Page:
Corks unwraps a new look and menu

TABLE TALK

October 22, 2008|By ELIZABETH LARGE | ELIZABETH LARGE,elizabeth.large@baltsun.com

After I talked to Jerry Pellegrino, the owner of Corks in Federal Hill, the other day, I hung up the phone and wondered why he hadn't renamed his restaurant - oh - Say Cheese.

Sometimes when restaurants close for renovations, they never reopen. As the weeks wore on, I was afraid that might have happened with Corks (1026 S. Charles St., 410-752-3810, corksrestaurant.com), but not so. The wine-centric restaurant was simply going through a much more major redo than most of us realized, one that took eight weeks to complete.

Patrick Sutton Associates was in charge and has created what Pellegrino calls "a much more modern interior with cleaner lines."

Walls came down and the small open kitchen at the front has been supplemented by a new kitchen upstairs. The color scheme of cocoa brown and orange is part of the reason the atmosphere is now "earthy and comfortable," Pellegrino says. "Things are much more casual."

The look of the place isn't the only thing that's more casual. The new menu is less pricey and features cheese prominently. Items cost between $4 and $20, with five different types of grilled-cheese sandwiches, three different fondues and salads as the backbone.

When I say grilled-cheese sandwiches, I'm talking about selections like grilled Gruyere and ham with Dijon mustard on white ($8) and grilled gorgonzola, radicchio and balsamic syrup on wheat-berry bread ($9). Yes, of course there are cheese plates. You choose from an excellent selection of cheeses served with baguette and walnut bread. It sounds like a lot of fun, especially with Corks' all-American wine list.

Those who loved the restaurant's old, more formal style will find that three or four more serious appetizers and four or five entrees are still available.

Hours for the new menu are 11:30 a.m. to 11:30 p.m. daily, except on Sunday when brunch, another new addition, starts at 10 a.m. (Brunch is available until 4 p.m.) A limited late-night menu is served from 11:30 p.m. to 1 a.m.

New chef "My husband adores the Brewer's Art ... for the beer. I see they have a new chef. Have you heard anything about the food under the new leadership? I really hate eating bad food," the e-mail from a colleague read.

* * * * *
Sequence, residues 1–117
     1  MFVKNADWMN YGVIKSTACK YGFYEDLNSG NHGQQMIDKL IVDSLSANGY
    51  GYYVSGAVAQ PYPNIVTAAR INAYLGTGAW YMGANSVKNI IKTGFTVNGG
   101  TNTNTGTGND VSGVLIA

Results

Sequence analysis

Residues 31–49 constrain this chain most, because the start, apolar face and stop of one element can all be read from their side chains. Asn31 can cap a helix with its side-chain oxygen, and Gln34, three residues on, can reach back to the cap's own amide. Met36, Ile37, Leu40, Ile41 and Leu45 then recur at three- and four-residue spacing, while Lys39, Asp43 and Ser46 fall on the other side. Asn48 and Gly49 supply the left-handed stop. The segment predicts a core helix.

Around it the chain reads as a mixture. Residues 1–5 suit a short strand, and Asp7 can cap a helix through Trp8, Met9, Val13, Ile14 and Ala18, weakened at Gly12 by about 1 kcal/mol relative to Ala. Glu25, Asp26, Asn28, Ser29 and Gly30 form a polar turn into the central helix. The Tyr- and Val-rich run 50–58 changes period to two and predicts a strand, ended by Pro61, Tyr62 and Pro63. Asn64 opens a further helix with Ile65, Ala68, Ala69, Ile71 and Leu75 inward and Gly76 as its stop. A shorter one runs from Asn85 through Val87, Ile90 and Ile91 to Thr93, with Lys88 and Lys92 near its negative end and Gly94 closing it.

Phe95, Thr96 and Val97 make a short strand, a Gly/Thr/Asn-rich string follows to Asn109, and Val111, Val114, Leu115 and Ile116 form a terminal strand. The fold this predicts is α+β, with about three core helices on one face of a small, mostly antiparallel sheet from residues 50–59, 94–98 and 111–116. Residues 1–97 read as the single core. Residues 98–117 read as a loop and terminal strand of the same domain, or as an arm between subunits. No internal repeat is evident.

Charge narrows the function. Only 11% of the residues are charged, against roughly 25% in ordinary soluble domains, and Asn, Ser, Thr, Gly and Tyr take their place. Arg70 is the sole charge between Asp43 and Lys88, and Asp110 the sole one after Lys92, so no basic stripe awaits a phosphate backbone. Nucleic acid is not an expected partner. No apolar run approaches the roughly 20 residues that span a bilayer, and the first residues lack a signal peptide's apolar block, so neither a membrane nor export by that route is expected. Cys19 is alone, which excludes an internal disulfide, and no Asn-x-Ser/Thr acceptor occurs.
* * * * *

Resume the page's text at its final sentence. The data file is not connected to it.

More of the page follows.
Not to worry, I told her. The new chef of the popular Mount Vernon restaurant and brewery (1106 N. Charles St., 410-547-6925, belgianbeer.com) is David Newman, and his credentials include stints at Ixia, Saffron (where Indigma now is) and Timothy Dean Bistro (now TD Lounge), as well as restaurants in San Francisco.

He's created a new fall menu, although the standards like steak frites and the Caesar salad are still available. The entrees range from baked butternut squash ravioli on a bed of winter greens with pears, chestnuts and sage-bourbon cream for $18 to braised lamb shank with orange and olives, grilled radicchio, crumbled feta and Israeli couscous for $25.

"He's starting to cook more with beer," says co-owner Tom Creegan (who picked up the phone at Brewer's Art when I called, and whom I last talked to when I called Hamilton Tavern, where his wife is an owner). "He's excited about working at a brewery."

Martick's pate Morris Martick is back. Well, not exactly. His quirky French restaurant, Martick's (214. W. Mulberry St., 410-752-5155) is still closed, but the octogenarian couldn't stay completely retired. He's now making and selling his country-style pate, which has been getting accolades in Baltimore for more than 30 years, for $40. It's made of ground veal, pork, chicken livers, sherry, garlic and spices.

If you call and order a Martick pate, which serves 12, you can pick it up at the restaurant Tuesday through Saturday by appointment.

Every retiree has to have a hobby.

Bistro opens If you love Bonaparte's bread and pastries as much as I do and live south of the city, you'll be thrilled by the news that the bakery has opened Bonaparte Bread's French Bistro (8600 Foundry St., 410-880-0858) in Savage Mill. It's located where a deli was in the New Weave Building.

The bistro is serving light fare, featuring local produce whenever possible, for eat-in or carryout. The selection includes homemade soups, crepes, quiches, savory tarts, hot and cold sandwiches and salads. The place is BYOB, with a $5 corkage fee. Hours are 11 a.m. to 6 p.m. Monday through Thursday, till 9 p.m. Friday and Saturday and till 4 p.m. Sunday.

It's been open a few weeks, but there will be a grand opening party Friday. Details can be found on the Savage Mill Web site (savagemill.com).

Oven ready Joe Edwardsen of Joe Squared Pizza (133 W. North Ave., 410-545-0444 ) in Station North tells me that the new coal-fired pizza oven is now up and running. It burns hard coal (anthracite) with very little smoke. The extremely high heat cooks a pizza in about 3 1/2 minutes, he says, "leaving the crust beautifully charred on the outside while tender and bubbly inside. The cheese comes out nicely browned and the drying problem we experienced with our old ovens has been completely eliminated."

The installation of the oven is the end of extensive renovations, which included opening up the front of the restaurant with sliding doors, replacing the carpet in front with tile, extending the bar, redoing the lighting in the back of the restaurant, replacing the back bar with a catering and service station, and completely rearranging the kitchen.

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